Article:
Per USA Today, Damon was interested in the part, and his then-recent Oscar win for writing "Good Will Hunting" would have made him an appropriately acclaimed artist for such a star-studded project. Plus, Damon and Spielberg had already worked together once before on the box office juggernaut "Saving Private Ryan." While Damon was dying to reunite with this filmmaker, it was never meant to be. Scheduling conflicts prevented him from joining Cruise in "Minority Report." Damon was already on the line to do "Ocean's Eleven" and the filming schedule for that Steven Soderbergh ensemble piece directly conflicted with "Minority Report." With that, "Minority Report" began to look around for someone else to take on the role instead (which eventually went to Colin Farrell).
Minority Report's newfound post-9/11 relevance
"Minority Report" was filmed in the summer of 2001, and wrapped just a few months before the terrorist attacks of September 11 would forever alter the United States of America. In the wake of such devastating horrors, it was inevitable for people to read new 9/11-relevant layers into pieces of art that were never meant to talk about this historical event. When it came to "Minority Report," even director Steven Spielberg recognized how the project would inevitably come across as something that had extra important and timely relevance to moviegoers due to the state of the world after 9/11.
Speaking to The New Zealand Herald, Spielberg was upfront about how a film like "Minority Report" — which is about policing and privacy — would register with people in the wake of 9/11. He noted that the film mirrored how authorities were rounding up people in real life to get information and prevent future atrocities, saying "I feel that history has caught up with our imagination and given us a cold soak of reality." "Minority Report" would only become even more eerily relevant in the years to come, though, as the PATRIOT Act enhanced the surveillance of the American government on its citizens, while controversy over torture tactics on innocent civilians would make people question the lengths the United States had gone in the name of preventing future terrorist attacks.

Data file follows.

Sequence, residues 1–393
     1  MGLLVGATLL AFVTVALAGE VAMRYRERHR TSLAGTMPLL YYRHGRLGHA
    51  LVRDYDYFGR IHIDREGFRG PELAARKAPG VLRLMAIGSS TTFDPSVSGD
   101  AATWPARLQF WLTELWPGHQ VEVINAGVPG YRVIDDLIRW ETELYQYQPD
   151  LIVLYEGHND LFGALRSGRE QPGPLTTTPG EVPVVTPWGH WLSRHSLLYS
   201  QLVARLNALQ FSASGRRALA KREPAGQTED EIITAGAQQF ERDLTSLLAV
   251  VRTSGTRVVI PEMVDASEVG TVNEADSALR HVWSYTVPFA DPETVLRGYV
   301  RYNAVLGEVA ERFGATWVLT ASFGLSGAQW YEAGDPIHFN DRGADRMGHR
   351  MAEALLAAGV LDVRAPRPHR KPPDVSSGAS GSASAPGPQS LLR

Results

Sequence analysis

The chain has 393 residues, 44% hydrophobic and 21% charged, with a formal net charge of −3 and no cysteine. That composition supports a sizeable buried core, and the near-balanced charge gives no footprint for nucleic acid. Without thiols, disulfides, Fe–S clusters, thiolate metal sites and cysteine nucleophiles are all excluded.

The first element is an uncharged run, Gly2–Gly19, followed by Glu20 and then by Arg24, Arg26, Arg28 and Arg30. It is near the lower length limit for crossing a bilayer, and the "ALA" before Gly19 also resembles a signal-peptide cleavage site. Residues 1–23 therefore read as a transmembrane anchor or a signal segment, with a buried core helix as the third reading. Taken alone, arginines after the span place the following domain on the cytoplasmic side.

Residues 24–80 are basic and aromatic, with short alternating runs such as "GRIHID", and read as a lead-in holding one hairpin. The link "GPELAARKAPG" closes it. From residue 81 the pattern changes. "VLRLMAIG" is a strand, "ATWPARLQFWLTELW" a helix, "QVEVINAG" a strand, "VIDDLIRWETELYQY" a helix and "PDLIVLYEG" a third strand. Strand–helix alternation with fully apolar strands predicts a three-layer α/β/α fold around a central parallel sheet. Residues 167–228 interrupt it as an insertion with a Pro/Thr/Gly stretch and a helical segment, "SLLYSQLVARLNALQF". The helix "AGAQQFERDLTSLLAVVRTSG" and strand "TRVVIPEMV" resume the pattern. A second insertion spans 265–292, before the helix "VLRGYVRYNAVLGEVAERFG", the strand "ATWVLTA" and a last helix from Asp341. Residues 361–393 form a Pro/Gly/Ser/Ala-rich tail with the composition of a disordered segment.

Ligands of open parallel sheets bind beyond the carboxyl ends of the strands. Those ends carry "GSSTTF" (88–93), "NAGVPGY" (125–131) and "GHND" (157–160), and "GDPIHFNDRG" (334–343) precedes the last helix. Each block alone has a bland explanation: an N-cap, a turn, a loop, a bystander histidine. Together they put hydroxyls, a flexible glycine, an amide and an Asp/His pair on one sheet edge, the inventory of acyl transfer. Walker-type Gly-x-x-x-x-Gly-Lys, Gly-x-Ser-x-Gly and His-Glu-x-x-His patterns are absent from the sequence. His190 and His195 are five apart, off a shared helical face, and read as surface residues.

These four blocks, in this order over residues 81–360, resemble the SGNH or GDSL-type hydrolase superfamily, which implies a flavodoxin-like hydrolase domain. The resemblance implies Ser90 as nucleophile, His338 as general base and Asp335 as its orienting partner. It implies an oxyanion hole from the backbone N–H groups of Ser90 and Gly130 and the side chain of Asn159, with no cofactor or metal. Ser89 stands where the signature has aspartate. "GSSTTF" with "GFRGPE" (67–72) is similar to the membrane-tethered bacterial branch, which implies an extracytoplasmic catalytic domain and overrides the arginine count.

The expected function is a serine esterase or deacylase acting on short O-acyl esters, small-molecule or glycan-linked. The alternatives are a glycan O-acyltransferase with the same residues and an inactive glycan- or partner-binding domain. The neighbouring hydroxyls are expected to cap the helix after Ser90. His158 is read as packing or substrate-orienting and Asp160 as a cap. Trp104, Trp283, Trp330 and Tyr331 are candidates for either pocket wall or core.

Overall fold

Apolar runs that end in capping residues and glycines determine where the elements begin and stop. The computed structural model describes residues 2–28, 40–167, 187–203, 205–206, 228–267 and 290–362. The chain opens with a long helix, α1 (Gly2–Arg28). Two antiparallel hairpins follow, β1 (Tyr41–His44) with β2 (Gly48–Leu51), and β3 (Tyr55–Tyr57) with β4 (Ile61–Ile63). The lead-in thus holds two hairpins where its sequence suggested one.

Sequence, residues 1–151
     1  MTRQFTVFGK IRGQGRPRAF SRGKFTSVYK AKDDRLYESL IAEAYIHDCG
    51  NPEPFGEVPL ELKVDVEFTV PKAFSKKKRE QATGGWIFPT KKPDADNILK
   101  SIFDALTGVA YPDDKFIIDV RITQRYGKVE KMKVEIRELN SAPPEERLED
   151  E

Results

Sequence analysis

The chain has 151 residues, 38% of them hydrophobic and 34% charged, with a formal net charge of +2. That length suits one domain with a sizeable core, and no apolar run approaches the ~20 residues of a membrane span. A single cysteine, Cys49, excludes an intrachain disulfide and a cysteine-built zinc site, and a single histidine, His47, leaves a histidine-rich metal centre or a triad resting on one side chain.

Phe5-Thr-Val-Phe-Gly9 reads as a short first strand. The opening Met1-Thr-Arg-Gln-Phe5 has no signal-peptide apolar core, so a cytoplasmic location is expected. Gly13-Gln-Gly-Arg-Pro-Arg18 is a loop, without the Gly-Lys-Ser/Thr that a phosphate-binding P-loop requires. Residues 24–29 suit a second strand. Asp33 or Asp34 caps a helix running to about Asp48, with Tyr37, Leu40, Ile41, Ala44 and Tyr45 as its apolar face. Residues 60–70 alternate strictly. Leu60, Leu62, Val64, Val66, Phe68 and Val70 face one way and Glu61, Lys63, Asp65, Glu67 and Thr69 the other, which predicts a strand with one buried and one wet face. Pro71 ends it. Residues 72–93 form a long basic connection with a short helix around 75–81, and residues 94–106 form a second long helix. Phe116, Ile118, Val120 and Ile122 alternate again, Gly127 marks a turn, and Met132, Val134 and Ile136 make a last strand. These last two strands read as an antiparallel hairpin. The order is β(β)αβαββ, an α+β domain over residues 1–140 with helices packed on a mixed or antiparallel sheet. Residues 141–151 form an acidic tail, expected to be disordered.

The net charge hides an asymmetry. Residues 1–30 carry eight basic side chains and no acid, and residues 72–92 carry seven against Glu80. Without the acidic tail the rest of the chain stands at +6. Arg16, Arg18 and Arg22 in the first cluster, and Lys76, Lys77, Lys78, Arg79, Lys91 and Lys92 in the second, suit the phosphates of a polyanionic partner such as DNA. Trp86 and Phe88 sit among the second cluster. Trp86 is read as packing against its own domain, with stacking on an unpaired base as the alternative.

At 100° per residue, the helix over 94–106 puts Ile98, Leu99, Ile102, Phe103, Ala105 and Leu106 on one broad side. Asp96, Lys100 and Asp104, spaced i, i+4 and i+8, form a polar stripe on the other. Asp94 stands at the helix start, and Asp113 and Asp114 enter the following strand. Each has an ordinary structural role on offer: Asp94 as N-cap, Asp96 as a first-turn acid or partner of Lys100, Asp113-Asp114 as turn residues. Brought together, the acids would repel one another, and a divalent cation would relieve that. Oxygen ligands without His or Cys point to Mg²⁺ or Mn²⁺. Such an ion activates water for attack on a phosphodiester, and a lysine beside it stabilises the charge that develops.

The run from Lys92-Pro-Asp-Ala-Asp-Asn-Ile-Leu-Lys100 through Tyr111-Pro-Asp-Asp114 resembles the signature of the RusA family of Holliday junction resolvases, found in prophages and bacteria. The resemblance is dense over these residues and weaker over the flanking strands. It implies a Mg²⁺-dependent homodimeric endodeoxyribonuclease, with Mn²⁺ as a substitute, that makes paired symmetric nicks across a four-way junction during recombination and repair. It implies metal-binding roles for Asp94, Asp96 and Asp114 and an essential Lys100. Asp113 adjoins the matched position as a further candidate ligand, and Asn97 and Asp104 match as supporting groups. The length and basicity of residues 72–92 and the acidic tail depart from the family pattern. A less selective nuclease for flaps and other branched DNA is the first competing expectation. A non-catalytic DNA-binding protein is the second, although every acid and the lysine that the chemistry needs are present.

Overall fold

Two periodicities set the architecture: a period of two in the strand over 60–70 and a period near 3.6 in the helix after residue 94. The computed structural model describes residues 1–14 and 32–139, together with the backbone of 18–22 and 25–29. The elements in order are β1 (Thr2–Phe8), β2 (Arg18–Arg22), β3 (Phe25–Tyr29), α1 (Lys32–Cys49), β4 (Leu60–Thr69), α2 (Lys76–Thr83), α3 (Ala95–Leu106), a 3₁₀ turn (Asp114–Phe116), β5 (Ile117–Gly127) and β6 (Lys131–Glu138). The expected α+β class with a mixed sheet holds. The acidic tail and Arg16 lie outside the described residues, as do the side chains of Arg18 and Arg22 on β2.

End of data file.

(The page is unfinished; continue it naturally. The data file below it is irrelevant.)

The noirs that guided Spielberg's Minority Report vision
In many ways, "Minority Report" was a movie that could only exist in the 21st century, namely with its digital-effects wizardry and its use of then-fresh-faced talent like Colin Farrell and Samantha Morton. But it's also a feature rooted deeply in one of the great film genres of the 20th century: noir. Film noir — which literally means "black film" — often focuses on stories of lone protagonists, who must endure in the face of societies gone haywire due to moral corruption. So, it's easy to see why "Minority Report" would fit into the hallmarks of this genre.
But to ensure that "Minority Report" lived up to all of its potential, Spielberg opted to do a crash course in the all-time greats of the noir landscape before he started shooting this Tom Cruise vehicle. Talking to Entertainment Weekly, Spielberg said that he "wanted to give the movie a noir feel," and subsequently threw himself a film festival of classics of the genre: "Asphalt Jungle," "Key Largo," and "The Maltese Falcon" were the movies he turned to while molding his vision for "Minority Report." He also noted that he tried to embrace the darker edges of the genre in order to counter his "sentimental side."
How Spielberg approached technology within Minority Report
Much like our own modern world, the universe that "Minority Report" inhabits is one defined by technology. Not only is futuristic tech used to prevent crimes before they even happen, but virtual ads show up all over the place, while spider robots are used to hunt down lethal criminals. This is a world defined by machines even more than by the men that made them. Because of their importance to the story, Steven Spielberg was very careful about the role technology would play in "Minority Report" and how it would be realized.